NEW YORK (TheStreet) -- Devon Energy (DVN), after significantly outperforming the SIG Oil Exploration & Production Index in the first half of 2014, continues to find favor on Wall Street, with investors and analysts convinced a turnaround is taking hold at the independent oil and gas driller.
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Still, that optimism may be surprising given the company's struggle in recent years to deal with a glut of natural gas and an overstretched portfolio of drilling assets onshore and offshore in the U.S. and internationally.
But positive trends are becoming evident under Devon Energy CEO John Richels, according to a Tuesday upgrade of the company's shares to "outperform" from Wells Fargo analysts. They believe the company will soon wrap up its "transition era" and move into a growth phase as it drills acreage in U.S. shale basins such as the Eagle Ford and Permian.
Earlier in 2014, TheStreet flagged Devon Energy as the type of restructuring driller that might present an opportunity for stock investors. CEO Richels has been a savvy dealmaker when shedding the company's non-core drilling assets, generally achieving higher sale and spinoff values than the market had expected. Devon's acquisition of GeoSouthern Energy for $6 billion was also seen as a strategic move, something rare in the energy sector.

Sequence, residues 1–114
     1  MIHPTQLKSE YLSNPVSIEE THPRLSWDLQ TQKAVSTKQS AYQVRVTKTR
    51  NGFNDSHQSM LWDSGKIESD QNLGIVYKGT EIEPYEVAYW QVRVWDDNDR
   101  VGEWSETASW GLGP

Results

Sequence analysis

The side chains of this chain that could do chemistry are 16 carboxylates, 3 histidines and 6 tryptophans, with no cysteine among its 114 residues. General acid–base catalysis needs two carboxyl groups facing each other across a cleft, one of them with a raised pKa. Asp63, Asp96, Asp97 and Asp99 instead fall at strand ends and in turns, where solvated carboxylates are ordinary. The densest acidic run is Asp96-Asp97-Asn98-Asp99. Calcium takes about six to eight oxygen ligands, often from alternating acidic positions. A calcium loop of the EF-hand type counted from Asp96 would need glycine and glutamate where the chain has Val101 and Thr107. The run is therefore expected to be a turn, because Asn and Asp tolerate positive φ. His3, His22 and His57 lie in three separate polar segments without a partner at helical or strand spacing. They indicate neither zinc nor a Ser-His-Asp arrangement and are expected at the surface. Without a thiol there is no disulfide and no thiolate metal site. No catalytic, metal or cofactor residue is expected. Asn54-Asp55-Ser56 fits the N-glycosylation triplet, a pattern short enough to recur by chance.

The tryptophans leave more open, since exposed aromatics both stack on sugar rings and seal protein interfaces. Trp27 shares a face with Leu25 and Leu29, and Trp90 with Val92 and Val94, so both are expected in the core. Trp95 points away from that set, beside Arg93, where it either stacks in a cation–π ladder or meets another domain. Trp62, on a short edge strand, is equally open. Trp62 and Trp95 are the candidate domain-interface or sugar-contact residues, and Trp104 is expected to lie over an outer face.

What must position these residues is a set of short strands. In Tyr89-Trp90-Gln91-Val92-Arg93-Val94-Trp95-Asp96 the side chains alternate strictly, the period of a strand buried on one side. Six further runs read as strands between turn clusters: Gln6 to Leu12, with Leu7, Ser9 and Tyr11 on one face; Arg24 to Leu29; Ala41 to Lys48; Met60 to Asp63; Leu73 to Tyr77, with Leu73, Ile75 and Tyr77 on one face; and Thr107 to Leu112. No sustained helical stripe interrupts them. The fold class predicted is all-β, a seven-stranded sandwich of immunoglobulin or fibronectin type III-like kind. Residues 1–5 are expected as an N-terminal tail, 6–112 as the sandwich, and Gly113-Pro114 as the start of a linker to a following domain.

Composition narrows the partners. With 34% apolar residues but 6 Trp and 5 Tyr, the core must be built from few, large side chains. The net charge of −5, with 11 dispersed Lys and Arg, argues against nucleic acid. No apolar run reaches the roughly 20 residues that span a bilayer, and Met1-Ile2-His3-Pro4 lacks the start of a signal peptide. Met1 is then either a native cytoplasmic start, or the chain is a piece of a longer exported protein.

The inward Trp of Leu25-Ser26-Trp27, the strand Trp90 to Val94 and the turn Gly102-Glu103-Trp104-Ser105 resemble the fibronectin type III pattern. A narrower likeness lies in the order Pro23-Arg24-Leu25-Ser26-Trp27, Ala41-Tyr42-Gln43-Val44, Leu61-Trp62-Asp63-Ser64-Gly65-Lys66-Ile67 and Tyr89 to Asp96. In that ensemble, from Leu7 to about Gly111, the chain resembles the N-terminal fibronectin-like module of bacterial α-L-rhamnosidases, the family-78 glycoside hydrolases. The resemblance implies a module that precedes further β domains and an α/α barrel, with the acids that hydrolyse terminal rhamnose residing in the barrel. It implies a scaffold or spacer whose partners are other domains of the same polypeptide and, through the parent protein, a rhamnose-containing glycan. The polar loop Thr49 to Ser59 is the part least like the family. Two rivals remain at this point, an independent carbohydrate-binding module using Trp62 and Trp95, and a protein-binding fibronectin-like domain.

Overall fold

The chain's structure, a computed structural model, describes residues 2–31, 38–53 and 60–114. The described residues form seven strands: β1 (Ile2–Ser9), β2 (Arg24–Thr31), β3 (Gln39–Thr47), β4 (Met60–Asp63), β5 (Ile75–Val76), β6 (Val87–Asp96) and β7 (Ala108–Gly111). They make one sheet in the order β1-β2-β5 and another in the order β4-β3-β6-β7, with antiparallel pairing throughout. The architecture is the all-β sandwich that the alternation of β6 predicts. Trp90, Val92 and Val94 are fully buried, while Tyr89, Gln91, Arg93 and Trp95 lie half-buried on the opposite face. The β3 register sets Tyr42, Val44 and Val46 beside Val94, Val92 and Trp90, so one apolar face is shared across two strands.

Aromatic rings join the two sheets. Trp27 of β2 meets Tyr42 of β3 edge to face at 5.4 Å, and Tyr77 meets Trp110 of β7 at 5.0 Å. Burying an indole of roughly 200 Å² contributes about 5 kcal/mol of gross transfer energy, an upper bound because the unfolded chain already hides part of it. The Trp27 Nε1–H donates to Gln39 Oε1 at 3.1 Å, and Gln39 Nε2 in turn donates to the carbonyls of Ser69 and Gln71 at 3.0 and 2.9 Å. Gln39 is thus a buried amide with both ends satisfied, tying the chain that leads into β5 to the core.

But in spite of good portfolio management -- a highlight so far in 2014 -- Devon Energy has been plagued by weak operating results.
Investors who have followed Devon Energy's turnaround know that the company has fallen short on production guidance in recent years. Those poor operating results would likely prove unsustainable for current management, as TheStreet noted, and could catch the eye of activist investors who have taken on drillers as large as Hess (HES), Marathon (MRO) and Occidental Petroleum (OXY).
Perhaps, Devon Energy can cement its status as an unusual driller that is able to restructure without the prodding of angry hedge fund shareholders.
Wells Fargo, on Tuesday, expressed confidence that Devon Energy will finally hit its production targets. "With identified lower risk reinvestment opportunities in Eagle Ford, Permian, and Canada, this provides Devon the best production visibility it has had in years," they write, while forecasting the company will grow crude production by 25% in 2014, 17% in 2015 and 15% in 2016.
That production growth, if Devon can achieve it, would translate into one of the highest rates of earnings growth in the industry.
Specifically, Wells Fargo points to the GeoSouthern deal as a driver of improving performance. After closing the deal with GeoSouthern assets in the Eagle Ford on Feb. 28, the pace of production has accelerated from 53 million barrels of oil equivalent a day (MBoe/d) to 64 MBoe/d. That acceleration makes Devon's second half guidance of 80-to-85 MBoe/d achievable, according to Wells Fargo.
Is There Another 20% Left?
So is there really opportunity for investors in Devon after a 20% year-to-date rise in 2014? Wells Fargo believes so.
"There is a lingering perception about Devon's assets, and we think outside of the dedicated energy funds, some of the long-only's and generalists are still catching up to its revamped portfolio," they state of the company's turnaround. Wells Fargo holds out a valuation range of between $85 and $90 a share for Devon Energy, an about 20% premium to current prices.
-- Written by Antoine Gara in New York.